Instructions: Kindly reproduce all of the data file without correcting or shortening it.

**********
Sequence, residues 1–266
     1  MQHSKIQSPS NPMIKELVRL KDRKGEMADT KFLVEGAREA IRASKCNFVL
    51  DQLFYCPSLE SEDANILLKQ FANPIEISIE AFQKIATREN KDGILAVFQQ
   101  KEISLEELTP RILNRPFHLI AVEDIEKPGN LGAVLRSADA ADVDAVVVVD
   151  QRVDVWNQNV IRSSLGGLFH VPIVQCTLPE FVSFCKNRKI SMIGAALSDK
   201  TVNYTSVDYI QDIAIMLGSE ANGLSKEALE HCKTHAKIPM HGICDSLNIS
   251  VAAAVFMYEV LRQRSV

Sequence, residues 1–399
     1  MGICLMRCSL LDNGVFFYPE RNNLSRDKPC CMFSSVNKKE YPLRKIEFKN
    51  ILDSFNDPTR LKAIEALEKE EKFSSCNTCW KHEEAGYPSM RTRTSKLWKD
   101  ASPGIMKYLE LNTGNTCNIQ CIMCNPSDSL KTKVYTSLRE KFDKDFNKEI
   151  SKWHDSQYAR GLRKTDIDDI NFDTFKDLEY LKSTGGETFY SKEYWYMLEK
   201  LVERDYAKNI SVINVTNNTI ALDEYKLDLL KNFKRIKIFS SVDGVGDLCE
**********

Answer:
Sequence, residues 1–266
     1  MQHSKIQSPS NPMIKELVRL KDRKGEMADT KFLVEGAREA IRASKCNFVL
    51  DQLFYCPSLE SEDANILLKQ FANPIEISIE AFQKIATREN KDGILAVFQQ
   101  KEISLEELTP RILNRPFHLI AVEDIEKPGN LGAVLRSADA ADVDAVVVVD
   151  QRVDVWNQNV IRSSLGGLFH VPIVQCTLPE FVSFCKNRKI SMIGAALSDK
   201  TVNYTSVDYI QDIAIMLGSE ANGLSKEALE HCKTHAKIPM HGICDSLNIS
   251  VAAAVFMYEV LRQRSV

Sequence, residues 1–399
     1  MGICLMRCSL LDNGVFFYPE RNNLSRDKPC CMFSSVNKKE YPLRKIEFKN
    51  ILDSFNDPTR LKAIEALEKE EKFSSCNTCW KHEEAGYPSM RTRTSKLWKD
   101  ASPGIMKYLE LNTGNTCNIQ CIMCNPSDSL KTKVYTSLRE KFDKDFNKEI
   151  SKWHDSQYAR GLRKTDIDDI NFDTFKDLEY LKSTGGETFY SKEYWYMLEK
   201  LVERDYAKNI SVINVTNNTI ALDEYKLDLL KNFKRIKIFS SVDGVGDLCE